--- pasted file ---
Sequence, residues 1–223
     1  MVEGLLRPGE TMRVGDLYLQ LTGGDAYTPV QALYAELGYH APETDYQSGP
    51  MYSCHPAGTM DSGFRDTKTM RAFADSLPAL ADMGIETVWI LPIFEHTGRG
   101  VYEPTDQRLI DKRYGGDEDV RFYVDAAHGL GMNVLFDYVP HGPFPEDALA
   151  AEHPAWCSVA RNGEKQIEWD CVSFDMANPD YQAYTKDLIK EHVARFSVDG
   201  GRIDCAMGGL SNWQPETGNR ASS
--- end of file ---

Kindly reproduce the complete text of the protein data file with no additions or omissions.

Sequence, residues 1–223
     1  MVEGLLRPGE TMRVGDLYLQ LTGGDAYTPV QALYAELGYH APETDYQSGP
    51  MYSCHPAGTM DSGFRDTKTM RAFADSLPAL ADMGIETVWI LPIFEHTGRG
   101  VYEPTDQRLI DKRYGGDEDV RFYVDAAHGL GMNVLFDYVP HGPFPEDALA
   151  AEHPAWCSVA RNGEKQIEWD CVSFDMANPD YQAYTKDLIK EHVARFSVDG
   201  GRIDCAMGGL SNWQPETGNR ASS